Robinson's accuser invited to outline Nama claim at Dáil
The loyalist figure who alleged that the North's First Minister, Peter Robinson, stood to benefit from the sale of Nama's northern loan portfolio has been invited to meet with the Dáil's spending watchdog.
Public Accounts Committee (PAC) chairman John McGuinness wrote to Jamie Bryson yesterday, asking him if he had information to give to the committee. An invitation was also extended to Sinn Féin MLA Daithí McKay, who chairs the Northern Assembly's Committee on Finance and Personnel.
Both could appear before the PAC as early as next Thursday.
"As chairman of the PAC, I am asking them would they give us the benefit of their knowledge on this," said Mr McGuinness.
Mr McKay's committee has been inquiring into the sale of Nama's northern loan portfolio for several weeks and has heard allegations of corruption in political, banking, accountancy and legal circles. Members of both committees have previously flagged the possibility of cross-border co-operation.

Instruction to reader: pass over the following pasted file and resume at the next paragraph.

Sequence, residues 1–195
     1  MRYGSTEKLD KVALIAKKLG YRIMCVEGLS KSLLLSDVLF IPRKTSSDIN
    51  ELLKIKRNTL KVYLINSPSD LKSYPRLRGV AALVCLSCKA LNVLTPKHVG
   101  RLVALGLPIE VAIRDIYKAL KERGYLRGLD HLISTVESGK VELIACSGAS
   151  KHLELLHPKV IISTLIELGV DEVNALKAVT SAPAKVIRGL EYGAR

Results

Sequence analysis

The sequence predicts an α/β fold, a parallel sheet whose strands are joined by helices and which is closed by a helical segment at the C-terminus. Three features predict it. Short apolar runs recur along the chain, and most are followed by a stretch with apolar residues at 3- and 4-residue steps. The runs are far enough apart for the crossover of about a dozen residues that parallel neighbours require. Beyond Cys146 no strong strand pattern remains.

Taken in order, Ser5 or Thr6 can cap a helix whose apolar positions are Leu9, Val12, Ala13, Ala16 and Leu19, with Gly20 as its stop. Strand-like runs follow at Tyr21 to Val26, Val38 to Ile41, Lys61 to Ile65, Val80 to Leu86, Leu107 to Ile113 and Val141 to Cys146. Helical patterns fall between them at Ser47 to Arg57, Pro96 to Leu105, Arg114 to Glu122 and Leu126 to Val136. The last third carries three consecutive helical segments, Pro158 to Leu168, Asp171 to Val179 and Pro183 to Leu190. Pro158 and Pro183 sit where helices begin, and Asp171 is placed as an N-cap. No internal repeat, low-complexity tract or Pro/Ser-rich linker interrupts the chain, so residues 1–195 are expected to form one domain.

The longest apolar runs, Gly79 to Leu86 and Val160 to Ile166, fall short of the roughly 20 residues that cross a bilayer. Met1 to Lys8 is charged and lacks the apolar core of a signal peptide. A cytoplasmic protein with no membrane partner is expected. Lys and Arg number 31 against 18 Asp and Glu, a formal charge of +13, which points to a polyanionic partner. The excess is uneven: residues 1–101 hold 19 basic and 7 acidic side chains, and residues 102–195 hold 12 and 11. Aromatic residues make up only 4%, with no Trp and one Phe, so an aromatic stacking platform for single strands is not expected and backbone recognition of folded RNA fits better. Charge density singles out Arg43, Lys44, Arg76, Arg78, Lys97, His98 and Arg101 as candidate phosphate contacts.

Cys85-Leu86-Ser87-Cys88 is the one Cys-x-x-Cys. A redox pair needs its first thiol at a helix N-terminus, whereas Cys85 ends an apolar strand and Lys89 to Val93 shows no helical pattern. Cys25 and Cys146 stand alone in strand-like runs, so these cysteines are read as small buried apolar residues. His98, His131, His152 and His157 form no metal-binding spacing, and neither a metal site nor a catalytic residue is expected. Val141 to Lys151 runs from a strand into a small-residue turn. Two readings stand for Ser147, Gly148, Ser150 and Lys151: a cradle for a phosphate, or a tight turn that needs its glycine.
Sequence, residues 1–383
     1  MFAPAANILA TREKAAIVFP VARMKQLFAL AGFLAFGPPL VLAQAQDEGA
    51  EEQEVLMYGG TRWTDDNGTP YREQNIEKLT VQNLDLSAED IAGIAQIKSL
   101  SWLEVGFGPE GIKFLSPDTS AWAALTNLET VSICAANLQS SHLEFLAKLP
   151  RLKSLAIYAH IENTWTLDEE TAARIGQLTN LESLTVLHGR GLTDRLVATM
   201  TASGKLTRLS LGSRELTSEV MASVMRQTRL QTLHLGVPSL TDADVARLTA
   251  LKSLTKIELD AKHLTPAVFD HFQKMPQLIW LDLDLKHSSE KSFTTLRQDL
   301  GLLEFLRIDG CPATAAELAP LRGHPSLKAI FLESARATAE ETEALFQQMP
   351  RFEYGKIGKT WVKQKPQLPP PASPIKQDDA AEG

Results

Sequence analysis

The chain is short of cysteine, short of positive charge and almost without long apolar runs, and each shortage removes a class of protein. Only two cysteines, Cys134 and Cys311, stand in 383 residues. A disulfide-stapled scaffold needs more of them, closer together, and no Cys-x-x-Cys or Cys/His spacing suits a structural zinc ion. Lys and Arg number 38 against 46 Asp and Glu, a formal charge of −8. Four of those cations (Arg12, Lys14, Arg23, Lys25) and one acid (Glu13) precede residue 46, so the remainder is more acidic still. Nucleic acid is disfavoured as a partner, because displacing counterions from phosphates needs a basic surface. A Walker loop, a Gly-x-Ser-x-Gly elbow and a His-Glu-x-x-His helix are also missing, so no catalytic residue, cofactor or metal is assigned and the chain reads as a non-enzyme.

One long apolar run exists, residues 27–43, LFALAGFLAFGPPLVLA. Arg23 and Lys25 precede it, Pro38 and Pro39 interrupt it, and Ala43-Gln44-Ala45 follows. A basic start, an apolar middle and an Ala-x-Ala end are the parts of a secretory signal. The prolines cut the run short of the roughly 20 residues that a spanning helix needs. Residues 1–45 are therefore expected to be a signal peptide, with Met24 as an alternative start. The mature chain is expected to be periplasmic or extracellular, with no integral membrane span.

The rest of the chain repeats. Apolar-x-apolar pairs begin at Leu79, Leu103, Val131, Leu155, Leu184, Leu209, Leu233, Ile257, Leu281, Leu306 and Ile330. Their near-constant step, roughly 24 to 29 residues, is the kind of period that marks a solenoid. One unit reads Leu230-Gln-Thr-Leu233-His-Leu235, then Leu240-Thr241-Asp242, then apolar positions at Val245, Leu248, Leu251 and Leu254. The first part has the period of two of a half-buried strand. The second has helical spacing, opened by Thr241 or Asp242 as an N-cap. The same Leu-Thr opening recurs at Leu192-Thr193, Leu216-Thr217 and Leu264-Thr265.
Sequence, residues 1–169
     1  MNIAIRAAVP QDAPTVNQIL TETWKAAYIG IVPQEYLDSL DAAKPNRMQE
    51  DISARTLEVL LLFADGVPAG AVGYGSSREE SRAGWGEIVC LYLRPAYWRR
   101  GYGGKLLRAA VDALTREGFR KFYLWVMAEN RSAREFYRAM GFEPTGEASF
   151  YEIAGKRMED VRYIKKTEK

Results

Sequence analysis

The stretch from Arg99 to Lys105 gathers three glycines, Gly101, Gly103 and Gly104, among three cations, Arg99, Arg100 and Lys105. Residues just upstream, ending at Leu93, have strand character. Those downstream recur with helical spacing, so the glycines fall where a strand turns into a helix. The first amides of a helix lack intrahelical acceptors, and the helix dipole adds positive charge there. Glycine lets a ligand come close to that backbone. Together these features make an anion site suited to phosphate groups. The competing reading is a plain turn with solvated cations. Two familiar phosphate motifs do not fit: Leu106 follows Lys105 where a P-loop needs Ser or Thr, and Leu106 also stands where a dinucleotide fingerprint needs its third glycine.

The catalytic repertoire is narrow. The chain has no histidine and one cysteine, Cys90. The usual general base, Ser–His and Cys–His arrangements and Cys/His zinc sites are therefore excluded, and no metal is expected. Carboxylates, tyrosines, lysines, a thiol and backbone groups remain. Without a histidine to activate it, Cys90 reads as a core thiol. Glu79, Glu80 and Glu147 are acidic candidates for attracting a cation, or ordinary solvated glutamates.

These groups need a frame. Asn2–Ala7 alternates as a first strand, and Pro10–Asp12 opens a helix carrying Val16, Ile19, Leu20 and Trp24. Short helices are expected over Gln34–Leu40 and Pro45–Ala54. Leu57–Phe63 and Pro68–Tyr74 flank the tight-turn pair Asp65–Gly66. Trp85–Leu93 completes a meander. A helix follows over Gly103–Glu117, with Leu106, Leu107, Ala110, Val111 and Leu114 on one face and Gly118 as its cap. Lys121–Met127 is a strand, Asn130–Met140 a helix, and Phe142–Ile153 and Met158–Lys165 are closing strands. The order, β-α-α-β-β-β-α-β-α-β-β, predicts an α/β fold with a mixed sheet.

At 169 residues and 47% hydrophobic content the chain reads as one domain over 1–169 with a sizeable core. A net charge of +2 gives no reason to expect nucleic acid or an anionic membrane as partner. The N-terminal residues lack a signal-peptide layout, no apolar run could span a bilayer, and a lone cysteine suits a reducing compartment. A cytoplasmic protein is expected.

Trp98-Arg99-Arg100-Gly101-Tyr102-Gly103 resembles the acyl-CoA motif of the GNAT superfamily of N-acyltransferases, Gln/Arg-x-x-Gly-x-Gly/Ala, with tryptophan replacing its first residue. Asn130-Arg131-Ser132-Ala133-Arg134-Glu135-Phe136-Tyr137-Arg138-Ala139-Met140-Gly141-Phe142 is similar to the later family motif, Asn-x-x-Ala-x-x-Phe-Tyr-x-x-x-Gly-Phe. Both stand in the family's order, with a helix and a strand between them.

The loan portfolio was sold to US vulture fund Cerberus for €1.6bn last year, but the deal has been shrouded in controversy amid allegations of planned kickback payments involving over £7m (€9.5m) in an Isle of Man bank account.
An anti-Good Friday Agreement unionist and blogger, Mr Bryson claims to have been passed sensitive information by sources close to the deal.
Earlier this week, he told the Stormont inquiry that Mr Robinson was among five people who had been due to benefit from the deal.
In the aftermath of the claims, Mr Robinson and two others, accountant David Watters and developer Andrew Creighton, issued statements denying they had received or had ever been in line to receive payments. Two others named, former Nama advisor Frank Cushnahan and solicitor Ian Coulter, had both previously denied any wrongdoing.
PAC member Shane Ross said Nama had "serious questions to answer about its level of knowledge about certain matters surrounding this deal".